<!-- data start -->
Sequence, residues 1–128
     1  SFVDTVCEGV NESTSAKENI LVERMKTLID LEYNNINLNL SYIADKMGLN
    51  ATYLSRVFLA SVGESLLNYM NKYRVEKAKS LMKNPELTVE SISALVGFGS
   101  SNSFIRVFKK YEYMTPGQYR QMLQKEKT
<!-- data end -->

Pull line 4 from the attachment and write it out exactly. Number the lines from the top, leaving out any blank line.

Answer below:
   101  SNSFIRVFKK YEYMTPGQYR QMLQKEKT